The Times reported that Galea visited Woods' home in Florida at least four times in February and March to provide platelet-rich plasma therapy after his agents at International Management Group became concerned by the golfer's slow recovery from June 2008 knee surgery.
"The New York Times is flat wrong, no one at IMG has ever met or recommended Dr. Galea, nor were we worried about the progress of Tiger's recovery, as the Times falsely reported," Steinberg said.
In the therapy, the patient's blood is drawn and put through a centrifuge that separates out the platelets, which are then injected into the area of the injury. The platelets contain growth factors that can heal tissue, said Dr. Allan Mishra, an orthopedic surgeon at the Stanford University Medical Center and one of the leading researchers in the field.
Mishra said research is ongoing, but the therapy has proved successful at treating ailments such as tennis elbow. Starting Jan. 1, the World Anti-Doping Agency is banning the re-injection of platelets into muscles because that may aid in building muscles. But athletes can still inject them into joints and tendons to help recovery from injury if they follow procedures to declare the use to WADA.
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Woods announced Friday that he was taking an indefinite leave from golf to concentrate on his marriage after he admitted to marital infidelity. Greenspan suggested his client's case was receiving outsized attention because of the scandal swirling around Woods.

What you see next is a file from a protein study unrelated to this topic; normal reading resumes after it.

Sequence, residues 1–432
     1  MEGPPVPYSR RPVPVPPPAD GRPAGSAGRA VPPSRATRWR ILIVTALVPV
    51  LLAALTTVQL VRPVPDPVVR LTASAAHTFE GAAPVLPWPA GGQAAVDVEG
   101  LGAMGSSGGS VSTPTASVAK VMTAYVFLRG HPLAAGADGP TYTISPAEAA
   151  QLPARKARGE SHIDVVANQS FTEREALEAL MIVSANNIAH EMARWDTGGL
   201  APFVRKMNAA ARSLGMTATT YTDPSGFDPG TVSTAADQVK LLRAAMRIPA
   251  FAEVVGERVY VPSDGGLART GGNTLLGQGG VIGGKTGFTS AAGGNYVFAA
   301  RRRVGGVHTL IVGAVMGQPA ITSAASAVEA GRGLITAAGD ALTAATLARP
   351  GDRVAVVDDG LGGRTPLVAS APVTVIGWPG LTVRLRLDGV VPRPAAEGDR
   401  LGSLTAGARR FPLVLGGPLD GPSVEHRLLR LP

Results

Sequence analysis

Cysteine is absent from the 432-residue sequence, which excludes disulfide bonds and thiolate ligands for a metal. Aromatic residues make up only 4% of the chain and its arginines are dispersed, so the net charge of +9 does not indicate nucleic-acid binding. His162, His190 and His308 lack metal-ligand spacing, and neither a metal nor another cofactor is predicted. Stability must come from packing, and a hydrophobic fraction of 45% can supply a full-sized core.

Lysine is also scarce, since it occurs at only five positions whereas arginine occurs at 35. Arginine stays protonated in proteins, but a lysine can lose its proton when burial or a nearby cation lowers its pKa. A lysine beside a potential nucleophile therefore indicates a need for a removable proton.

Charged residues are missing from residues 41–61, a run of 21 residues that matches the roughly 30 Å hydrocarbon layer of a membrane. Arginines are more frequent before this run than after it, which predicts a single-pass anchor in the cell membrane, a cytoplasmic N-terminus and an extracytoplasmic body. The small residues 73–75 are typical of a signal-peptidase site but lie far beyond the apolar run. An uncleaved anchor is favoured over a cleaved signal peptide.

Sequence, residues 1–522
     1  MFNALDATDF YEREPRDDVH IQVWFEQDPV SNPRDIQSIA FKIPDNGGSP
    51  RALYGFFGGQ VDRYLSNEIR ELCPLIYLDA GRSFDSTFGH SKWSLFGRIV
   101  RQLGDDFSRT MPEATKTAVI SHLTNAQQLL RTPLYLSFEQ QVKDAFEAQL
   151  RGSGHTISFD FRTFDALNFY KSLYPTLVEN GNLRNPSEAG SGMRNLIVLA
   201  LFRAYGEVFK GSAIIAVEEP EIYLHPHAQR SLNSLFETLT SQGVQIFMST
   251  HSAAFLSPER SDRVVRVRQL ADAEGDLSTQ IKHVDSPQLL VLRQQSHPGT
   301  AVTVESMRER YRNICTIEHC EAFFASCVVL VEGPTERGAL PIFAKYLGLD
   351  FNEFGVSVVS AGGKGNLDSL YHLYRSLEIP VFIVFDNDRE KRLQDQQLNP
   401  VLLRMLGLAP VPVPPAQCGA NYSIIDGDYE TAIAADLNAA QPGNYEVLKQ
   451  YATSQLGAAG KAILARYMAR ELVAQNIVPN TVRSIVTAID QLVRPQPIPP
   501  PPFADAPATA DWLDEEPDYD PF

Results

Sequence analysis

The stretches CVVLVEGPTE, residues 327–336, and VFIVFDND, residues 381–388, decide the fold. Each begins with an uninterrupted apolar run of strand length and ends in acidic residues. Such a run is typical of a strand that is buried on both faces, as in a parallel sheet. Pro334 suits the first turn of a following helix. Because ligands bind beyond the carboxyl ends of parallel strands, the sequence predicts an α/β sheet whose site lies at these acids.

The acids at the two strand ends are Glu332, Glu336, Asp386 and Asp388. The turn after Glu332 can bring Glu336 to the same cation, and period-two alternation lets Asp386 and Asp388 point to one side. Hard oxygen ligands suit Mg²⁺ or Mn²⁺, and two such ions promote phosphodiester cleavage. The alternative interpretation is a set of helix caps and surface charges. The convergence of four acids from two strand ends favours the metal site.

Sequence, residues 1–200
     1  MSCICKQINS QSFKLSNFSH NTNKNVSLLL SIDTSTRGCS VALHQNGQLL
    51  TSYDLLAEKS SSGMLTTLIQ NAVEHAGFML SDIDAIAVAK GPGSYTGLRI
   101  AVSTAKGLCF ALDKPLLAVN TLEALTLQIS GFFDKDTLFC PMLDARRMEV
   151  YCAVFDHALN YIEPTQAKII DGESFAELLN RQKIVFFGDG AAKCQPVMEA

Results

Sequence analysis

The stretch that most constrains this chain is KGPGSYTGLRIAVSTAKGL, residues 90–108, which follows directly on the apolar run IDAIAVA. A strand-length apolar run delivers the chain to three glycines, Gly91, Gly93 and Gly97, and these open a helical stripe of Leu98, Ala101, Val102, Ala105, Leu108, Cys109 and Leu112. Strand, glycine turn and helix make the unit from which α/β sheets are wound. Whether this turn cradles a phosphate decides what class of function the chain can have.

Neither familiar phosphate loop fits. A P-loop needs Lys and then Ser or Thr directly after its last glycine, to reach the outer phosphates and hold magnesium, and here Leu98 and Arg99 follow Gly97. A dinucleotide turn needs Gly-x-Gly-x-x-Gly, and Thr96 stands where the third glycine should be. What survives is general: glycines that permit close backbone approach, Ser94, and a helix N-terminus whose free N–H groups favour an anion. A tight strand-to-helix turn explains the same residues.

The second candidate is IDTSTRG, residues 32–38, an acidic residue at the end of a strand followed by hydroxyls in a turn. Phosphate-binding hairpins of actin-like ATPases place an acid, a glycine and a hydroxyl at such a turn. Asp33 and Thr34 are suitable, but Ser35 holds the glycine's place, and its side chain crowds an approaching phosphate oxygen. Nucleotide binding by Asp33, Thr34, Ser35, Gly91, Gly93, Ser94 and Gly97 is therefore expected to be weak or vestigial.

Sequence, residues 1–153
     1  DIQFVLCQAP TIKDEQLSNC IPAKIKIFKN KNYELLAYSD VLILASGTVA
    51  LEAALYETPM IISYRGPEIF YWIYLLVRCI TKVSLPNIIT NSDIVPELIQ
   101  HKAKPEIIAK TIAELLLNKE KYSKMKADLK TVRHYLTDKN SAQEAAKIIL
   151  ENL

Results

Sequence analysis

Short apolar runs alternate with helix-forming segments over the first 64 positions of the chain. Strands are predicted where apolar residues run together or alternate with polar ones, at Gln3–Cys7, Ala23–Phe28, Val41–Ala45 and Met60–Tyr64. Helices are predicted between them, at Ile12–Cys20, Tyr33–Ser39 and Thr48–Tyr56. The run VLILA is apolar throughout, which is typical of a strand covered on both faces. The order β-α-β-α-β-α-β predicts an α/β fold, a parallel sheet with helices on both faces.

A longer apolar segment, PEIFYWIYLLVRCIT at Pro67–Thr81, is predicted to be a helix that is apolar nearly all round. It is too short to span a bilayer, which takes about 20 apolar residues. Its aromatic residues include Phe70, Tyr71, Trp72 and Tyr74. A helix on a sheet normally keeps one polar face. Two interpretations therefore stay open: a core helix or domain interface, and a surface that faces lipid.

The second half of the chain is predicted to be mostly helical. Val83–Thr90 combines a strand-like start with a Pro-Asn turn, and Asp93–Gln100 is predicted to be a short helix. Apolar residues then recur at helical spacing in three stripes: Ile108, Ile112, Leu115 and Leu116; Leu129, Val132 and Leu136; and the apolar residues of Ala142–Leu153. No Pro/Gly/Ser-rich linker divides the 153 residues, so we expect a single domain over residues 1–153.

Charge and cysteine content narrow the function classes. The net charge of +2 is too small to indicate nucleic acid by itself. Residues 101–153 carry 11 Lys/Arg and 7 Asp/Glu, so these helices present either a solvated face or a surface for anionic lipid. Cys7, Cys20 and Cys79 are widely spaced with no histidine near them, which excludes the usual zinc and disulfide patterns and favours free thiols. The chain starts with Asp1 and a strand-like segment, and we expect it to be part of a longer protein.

"It's tragic that it happens to come unfortunately at a time when one of his patients is suffering through a media frenzy, which as a result has put him in the eye of the storm as well," he said.
Swimmer Dara Torres told the Times that Galea found a previously undiagnosed tear in her quad tendon.
"Excluding draining my knee, he has never treated me, but I did see his chiropractor who did soft-tissue work on my leg," she said in an e-mail to the newspaper. "That was the extent of my visit with him."
Her agent, Evan Morgenstein, told the AP that Torres was not available for comment Monday night.
Former NFL player Bill Romanowski, who now runs a nutritional sports supplement business called Nutrition 53, says he knows Dr. Galea, and that his methods are completely above board. "This is not about performance, this is 100 percent about healing," Romanowski told Wallace.
The Times reported in a story on its Web site Tuesday night that three Major League baseball players - New York Mets shortstop Jose Reyes, Colorado Rockies pitcher Huston Street and former Washington Nationals pitcher John Patterson - also were treated by Galea.
The International Olympic Committee became concerned about Actovegin in 2000 after it appeared during that year's Tour de France, said Dr. Gary Wadler, who leads the committee that determines the World Anti-Doping Agency's banned-substances list.
The drug was placed on the banned list, then removed a year later because more evidence was needed as to whether it was performance-enhancing or damaging to athletes' health, he said.
"It doesn't seem to have been a major issue in recent times," Wadler said.